On Dec. 13, "Saving Mr. Banks," a movie about the relationship between P.L. Travers, the author of "Mary Poppins" and Walt Disney, who wanted to turn "Mary Poppins" into a musical movie, opens in Chicago. This is the first time Disney ever has allowed someone to play the role of its founder. One easily could overstate the risk they took: Walt Disney is played by Tom Hanks, which is a pretty hefty insurance policy against some negative interpretation of this beloved figure.
Then again, it seems hard to justify such an interpretation. Richard Sherman, who co-wrote the songs in "Mary Poppins" and who is a character in the movie, looked me in the eye this year as he talked of Disney's creative genius and benevolence, and the intensity with which his associates tried to please their boss. Sherman was in the room for years. His character feels unshakable honest. It was clear that he was speaking the truth — his truth, at least.
"Saving Mr. Banks" really is the debut of another Disney character: Disney himself. Any kind of interpretation of the founding spirit of Disney has been repressed until now, unless you include the various ways in which Walt Disney left images of himself for subsequent generations. But this is a new day.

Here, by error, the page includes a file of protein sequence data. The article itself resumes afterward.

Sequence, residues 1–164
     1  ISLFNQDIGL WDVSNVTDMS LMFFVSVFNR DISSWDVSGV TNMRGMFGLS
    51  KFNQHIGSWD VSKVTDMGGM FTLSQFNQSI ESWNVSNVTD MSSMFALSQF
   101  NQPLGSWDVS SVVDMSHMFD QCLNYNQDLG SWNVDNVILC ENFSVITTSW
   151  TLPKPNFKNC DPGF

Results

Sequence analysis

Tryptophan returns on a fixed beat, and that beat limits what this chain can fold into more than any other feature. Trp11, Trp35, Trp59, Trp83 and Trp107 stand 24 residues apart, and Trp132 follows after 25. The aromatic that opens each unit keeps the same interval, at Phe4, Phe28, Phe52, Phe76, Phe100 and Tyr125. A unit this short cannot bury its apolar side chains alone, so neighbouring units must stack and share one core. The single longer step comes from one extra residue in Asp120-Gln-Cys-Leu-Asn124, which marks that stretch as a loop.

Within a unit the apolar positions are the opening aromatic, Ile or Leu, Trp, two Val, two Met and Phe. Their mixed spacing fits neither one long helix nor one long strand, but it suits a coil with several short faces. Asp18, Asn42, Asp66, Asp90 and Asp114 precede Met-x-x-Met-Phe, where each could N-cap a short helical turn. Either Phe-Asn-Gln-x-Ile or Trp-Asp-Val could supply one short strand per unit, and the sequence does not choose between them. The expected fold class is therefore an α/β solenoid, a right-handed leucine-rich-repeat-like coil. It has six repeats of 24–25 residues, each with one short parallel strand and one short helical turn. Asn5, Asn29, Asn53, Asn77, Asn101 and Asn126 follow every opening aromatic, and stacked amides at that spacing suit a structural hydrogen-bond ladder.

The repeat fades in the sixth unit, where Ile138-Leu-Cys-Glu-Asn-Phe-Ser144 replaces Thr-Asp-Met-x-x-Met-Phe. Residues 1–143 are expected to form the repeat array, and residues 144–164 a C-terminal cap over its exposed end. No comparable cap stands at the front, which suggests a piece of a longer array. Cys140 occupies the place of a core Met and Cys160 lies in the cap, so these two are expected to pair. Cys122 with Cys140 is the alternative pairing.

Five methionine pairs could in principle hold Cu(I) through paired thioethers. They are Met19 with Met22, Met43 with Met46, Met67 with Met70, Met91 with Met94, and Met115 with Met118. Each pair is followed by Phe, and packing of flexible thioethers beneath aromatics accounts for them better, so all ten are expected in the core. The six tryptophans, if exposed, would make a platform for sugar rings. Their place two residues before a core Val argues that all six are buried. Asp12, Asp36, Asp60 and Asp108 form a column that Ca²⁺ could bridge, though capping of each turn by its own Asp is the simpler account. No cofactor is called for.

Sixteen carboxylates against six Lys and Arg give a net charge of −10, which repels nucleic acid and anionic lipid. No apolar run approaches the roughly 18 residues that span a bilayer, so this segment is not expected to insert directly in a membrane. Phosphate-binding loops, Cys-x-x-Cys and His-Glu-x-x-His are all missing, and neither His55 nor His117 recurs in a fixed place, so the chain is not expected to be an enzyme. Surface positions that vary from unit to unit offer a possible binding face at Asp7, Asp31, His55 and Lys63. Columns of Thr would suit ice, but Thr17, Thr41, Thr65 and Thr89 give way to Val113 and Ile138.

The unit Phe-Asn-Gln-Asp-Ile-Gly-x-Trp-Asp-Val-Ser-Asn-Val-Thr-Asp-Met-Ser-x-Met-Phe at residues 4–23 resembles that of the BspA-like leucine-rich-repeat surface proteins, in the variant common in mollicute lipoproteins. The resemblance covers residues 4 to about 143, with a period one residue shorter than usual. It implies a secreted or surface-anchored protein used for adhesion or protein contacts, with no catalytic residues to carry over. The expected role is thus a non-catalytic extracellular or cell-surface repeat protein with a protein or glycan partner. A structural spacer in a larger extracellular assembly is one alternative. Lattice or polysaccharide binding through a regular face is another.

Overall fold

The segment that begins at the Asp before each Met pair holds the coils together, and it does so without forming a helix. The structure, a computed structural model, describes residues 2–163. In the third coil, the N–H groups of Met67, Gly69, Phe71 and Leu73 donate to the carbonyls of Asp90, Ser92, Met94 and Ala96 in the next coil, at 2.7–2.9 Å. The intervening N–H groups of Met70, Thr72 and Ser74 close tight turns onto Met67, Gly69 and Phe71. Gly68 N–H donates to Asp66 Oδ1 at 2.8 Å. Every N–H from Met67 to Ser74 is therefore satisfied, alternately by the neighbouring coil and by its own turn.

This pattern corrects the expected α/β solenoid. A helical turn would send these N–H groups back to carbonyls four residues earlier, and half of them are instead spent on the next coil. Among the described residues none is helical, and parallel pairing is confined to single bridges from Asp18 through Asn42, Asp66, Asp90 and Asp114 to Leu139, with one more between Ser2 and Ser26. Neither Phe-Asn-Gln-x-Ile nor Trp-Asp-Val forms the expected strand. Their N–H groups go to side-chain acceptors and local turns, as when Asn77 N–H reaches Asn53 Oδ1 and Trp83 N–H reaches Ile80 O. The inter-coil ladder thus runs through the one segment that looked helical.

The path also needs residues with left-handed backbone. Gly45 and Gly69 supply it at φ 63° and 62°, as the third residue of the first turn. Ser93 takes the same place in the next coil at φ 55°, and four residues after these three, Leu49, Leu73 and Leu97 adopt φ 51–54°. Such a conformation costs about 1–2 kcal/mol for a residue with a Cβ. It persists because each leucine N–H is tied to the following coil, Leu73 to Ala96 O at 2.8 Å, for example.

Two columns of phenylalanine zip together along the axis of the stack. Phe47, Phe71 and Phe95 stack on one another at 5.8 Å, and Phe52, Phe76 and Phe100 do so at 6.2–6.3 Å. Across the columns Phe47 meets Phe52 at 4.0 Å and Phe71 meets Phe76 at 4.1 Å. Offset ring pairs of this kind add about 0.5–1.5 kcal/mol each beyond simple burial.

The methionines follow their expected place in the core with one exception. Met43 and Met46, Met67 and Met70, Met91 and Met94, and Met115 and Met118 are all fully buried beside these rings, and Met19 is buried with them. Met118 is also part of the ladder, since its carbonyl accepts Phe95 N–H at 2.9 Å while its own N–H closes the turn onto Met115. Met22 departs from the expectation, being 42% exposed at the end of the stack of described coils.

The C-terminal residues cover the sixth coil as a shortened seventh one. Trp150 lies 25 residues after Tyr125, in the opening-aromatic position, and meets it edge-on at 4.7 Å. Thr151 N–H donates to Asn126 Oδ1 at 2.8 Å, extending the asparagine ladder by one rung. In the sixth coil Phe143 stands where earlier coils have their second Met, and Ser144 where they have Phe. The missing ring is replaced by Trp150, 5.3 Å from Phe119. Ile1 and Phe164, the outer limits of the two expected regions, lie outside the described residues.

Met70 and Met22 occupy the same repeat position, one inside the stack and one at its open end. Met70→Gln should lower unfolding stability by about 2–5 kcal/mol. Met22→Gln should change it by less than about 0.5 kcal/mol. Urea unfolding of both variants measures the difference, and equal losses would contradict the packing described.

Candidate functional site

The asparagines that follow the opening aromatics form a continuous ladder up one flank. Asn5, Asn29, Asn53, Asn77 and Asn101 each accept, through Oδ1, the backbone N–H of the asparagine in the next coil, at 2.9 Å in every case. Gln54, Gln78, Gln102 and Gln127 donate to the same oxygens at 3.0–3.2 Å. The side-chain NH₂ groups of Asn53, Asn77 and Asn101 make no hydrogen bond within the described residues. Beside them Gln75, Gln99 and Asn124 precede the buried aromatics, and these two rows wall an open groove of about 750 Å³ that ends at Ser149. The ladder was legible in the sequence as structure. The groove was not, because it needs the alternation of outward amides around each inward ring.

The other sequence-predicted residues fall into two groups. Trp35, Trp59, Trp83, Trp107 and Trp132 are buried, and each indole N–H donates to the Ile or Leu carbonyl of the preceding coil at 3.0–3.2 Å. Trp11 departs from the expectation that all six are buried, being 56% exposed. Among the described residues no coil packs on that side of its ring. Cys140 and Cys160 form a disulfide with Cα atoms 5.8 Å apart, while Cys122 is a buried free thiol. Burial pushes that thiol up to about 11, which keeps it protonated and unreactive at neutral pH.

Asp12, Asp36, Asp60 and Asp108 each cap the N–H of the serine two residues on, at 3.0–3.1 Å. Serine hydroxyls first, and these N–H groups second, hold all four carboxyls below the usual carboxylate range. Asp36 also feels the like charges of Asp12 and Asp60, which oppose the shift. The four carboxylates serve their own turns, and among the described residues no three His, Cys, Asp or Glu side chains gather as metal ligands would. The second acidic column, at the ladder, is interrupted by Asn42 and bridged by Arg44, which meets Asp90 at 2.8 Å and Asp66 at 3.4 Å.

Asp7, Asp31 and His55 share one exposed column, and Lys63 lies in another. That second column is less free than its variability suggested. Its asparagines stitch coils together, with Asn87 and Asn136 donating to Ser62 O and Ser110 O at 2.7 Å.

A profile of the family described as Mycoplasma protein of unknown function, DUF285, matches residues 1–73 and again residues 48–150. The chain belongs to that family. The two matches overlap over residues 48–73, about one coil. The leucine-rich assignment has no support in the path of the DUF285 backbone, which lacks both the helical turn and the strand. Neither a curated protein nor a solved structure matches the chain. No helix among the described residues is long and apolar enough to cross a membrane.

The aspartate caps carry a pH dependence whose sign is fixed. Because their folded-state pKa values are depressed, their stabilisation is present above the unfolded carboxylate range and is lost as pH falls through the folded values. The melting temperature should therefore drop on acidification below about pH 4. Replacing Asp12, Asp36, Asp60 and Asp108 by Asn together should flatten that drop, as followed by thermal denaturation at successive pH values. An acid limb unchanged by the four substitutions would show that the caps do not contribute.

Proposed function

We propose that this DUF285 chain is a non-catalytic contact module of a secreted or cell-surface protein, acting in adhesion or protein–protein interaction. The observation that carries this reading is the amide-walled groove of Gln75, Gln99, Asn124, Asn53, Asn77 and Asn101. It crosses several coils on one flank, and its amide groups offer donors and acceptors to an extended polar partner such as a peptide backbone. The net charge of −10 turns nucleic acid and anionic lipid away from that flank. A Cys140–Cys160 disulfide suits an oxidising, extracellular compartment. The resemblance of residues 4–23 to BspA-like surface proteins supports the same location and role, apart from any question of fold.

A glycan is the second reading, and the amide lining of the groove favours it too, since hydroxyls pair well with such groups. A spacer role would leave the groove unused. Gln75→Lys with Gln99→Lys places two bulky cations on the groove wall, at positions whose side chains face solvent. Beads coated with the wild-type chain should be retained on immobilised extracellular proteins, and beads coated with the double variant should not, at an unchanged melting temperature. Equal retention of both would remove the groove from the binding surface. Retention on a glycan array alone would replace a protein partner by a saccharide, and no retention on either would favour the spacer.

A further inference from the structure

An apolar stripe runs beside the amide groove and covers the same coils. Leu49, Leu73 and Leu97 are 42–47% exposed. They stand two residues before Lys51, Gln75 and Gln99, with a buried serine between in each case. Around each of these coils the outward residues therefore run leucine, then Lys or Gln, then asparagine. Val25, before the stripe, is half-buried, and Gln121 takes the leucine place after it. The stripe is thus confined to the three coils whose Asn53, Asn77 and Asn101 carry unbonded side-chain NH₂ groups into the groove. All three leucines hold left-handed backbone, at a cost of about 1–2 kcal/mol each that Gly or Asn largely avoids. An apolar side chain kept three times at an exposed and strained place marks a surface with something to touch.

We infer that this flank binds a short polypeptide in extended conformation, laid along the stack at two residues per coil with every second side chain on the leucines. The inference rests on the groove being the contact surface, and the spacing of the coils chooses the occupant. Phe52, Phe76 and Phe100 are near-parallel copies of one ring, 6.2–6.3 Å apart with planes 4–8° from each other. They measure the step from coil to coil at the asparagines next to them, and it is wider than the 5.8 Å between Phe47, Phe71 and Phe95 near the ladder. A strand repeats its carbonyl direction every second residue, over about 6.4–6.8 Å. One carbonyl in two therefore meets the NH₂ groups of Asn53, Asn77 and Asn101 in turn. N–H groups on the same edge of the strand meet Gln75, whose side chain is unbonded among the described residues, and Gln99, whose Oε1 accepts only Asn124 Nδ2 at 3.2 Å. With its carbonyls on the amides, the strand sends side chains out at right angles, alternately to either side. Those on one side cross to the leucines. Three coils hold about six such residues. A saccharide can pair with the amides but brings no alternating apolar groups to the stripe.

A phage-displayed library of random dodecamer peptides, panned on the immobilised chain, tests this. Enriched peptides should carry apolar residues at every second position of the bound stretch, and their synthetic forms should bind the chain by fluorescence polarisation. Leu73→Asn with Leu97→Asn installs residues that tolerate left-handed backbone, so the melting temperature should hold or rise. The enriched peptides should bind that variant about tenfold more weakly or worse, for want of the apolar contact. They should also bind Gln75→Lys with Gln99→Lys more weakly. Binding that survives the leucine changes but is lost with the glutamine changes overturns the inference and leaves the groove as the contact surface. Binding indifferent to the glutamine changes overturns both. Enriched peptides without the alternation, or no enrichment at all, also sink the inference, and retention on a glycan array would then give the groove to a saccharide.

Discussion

Which brings us back to that house on Tripp. Disney, which also has an ongoing exhibition of memorabilia up at the Museum of Science and Industry, has more reason than ever to be interested in the birthplace of Walt Disney, located in a big movie marketplace. Perchance Hanks now will make a return in a subsequent biographical movie about the not-so-secret life of Walt, cross-cutting between Chicago and Marceline, charting the course that changed the face of the popular culture all across the globe.
And so Benadon and Young are sitting pretty amid a perfect storm: Chicago wants more tourism and has a violent international image to live down; Disney has a movie to promote; Walt is emerging from his protective bubble and taking his place alongside that famous mouse.
Just $173,000 for all that was a heck of a deal.Copyright © 2014, The Baltimore Sun